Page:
BLAST FROM THE PAST: Barb Taub, Weekly Column, Champaign-Urbana News-Gazette, Nov. 1989
My mother’s hair is getting pretty grey. As she has 10 children, I can’t figure out why it has taken her this long. I myself can identify the source of each of my well-deserved and rapidly multiplying silver threads. Take the events of a typical morning like November 7:
2:37a.m: – The 3-year-old wakes up ready to party. After some discussion, he decides it would be easier to keep our attention if he joins us in our bed.
6:00a.m: – I wake up the 7-year-old who has an early school bus to catch and am joined in the kitchen by the 5-year-old who doesn’t have to be up for another hour and a half. She demands waffles. I tell her we don’t have any waffles. She sadly informs a bowl of oatmeal that a loving parent would stock better cereal, like those chocolate-chip mini-donuts that glow in the dark.
6:10 am (and 6:15, 6:22 and 6:25a.m.): – Even sending in the shock troops (3-year-old and puppy) fails to blast the 7-year-old out of bed. I carry her into the kitchen, tape open her eyelids and put her on a chair in front of some oatmeal, no, we don’t have any waffles, eat it.
6:27a.m. – She completes her minute study of the congealing properties of the untouched bowl of oatmeal and retires to the bathroom.
6:51a.m. – I brush her hair and make the lunch we both know she won’t eat because I keep putting wholesome things in there in case of a spot-check by the Motherhood Wholesomeness Patrol disguised as lunchroom monitors. (What? Didn’t you know they report back to the Teachers’ Lounge things like, “Barb’s kid got some good wholesome stuff to throw into the garbage while little Joey Smith was forced to eat every crumb of his six Chocolate Whammy Wallbangers”?)
7:05a.m. – She can’t find her backpack and her shoes. I find them and zip her into her coat despite her protests that nobody in the second grade zips their coat, and I complete her humiliation by forcing her to wear her hat. She goes out the door, unzips her coat, loses her hat, and somehow catches the bus.
8:20a.m. – I drive the 5-year-old to the kindergarten we are sending her to so she can learn brain surgery in two different languages. (Three, if you count pig-latin.)
10:20a.m. – I call my husband and remind him that we’re due at the kindergarten music recital at eleven and I’ll pick him up on my way if he’s waiting outside because I can’t stand to be late. I’m late, and don’t have time to stop for gas in my ancient station wagon which gets almost 2 ½ mpg.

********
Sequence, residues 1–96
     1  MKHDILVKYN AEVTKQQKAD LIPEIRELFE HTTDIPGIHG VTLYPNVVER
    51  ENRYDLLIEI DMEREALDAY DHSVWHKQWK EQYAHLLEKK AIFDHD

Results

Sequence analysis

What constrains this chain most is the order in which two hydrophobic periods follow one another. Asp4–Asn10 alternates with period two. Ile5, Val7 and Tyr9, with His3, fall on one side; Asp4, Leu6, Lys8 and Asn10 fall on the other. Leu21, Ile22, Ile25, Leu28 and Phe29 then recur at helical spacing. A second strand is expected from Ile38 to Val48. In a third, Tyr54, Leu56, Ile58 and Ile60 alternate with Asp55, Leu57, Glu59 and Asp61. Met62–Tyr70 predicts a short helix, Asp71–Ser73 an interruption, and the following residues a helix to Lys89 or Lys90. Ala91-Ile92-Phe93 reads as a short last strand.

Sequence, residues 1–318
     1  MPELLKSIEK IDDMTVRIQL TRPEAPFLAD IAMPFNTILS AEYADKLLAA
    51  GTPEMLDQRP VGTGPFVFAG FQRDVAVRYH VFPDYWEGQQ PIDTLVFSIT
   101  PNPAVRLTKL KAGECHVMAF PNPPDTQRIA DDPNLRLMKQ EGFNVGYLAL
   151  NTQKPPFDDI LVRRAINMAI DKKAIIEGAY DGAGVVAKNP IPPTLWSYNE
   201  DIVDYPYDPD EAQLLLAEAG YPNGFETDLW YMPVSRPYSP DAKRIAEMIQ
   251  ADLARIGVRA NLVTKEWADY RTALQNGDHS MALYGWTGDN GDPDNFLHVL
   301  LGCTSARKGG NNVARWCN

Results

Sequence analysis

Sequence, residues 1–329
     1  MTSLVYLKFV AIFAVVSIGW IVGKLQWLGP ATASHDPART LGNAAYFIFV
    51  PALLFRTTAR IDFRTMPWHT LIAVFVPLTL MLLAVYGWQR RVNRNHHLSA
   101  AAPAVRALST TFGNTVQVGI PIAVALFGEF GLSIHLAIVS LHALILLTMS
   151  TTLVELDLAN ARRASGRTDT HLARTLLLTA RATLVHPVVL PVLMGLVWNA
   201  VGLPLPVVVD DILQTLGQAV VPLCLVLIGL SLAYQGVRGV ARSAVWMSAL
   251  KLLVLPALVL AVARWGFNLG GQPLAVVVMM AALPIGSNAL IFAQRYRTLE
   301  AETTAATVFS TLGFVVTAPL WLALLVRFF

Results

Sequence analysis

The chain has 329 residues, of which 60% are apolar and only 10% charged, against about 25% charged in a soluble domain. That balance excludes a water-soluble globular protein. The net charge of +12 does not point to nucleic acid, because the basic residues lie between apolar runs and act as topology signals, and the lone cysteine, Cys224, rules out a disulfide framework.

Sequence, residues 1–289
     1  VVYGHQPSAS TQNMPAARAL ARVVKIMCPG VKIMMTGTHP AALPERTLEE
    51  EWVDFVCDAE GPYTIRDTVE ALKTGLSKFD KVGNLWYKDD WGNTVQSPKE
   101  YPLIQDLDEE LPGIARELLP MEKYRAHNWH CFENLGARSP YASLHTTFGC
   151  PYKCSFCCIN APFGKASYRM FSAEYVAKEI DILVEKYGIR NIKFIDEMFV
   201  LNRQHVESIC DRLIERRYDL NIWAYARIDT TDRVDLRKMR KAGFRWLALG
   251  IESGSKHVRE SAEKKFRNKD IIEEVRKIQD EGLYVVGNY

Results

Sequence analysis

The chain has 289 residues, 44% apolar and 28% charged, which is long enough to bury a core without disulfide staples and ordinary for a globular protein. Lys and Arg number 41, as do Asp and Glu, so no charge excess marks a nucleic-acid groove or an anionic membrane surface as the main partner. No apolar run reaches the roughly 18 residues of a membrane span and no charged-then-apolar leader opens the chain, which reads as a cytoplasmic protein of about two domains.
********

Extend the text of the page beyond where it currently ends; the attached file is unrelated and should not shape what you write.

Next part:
11:06a.m. – We get one block from the school and run out of gas. My husband sprints the five blocks to his van and comes back for the 3-year-old, the dog and me. We drop him off and go to the gas station, where I leave every cent I have in ransom for their ancient gas can. I go back to my illegally abandoned car and attempt to put the gas into it. At this point, I discover that the gas can’s nozzle is merely a decorative accent, not attached to the actual can at any point. Necessity being the mother of stupidity, I fasten the nozzle on with strapping tape.
Did you know that strapping tape dissolves in gasoline? I now know that too. By accident, a small amount of gas actually goes into the tank. Smelling exotically of the remaining 1 ½ gallons of eau-de-petrol which I’m now wearing, we head back to return the gas can. While I’m arguing with the attendant about the nozzle-less condition of the gas can, I look up and notice that the van is gone.
Those of you who aren’t shocked to hear this know, of course, that I left the 3-year-old in the car. Testosterone poisoning has taken over, forcing him to escape from the car seat (which takes a college graduate several minutes to unfasten), release the emergency brake, and back the van out across four lanes of traffic, where it sits, broadside.
Both the 3-year-old and the dog are inside, totally fascinated.
“Grace-under-pressure” being my motto, I gracefully drop the gas can and race into traffic, screaming, “OH MY GOD” at the top of my lungs. Enchanted with this performance, the attendant returns all my money, obviously realizing that I will need it during the years of intensive psychiatric treatment ahead.
Oh, chicken lips and lizard hipsAnd alligator eyes
Monkey legs and buzzard eggs
And salamander thighs
Rabbit ears and camel rears
And tasty toenail pies
Stir ’em all together
And it’s mama’s soup surprise–John & Nancy Cassidy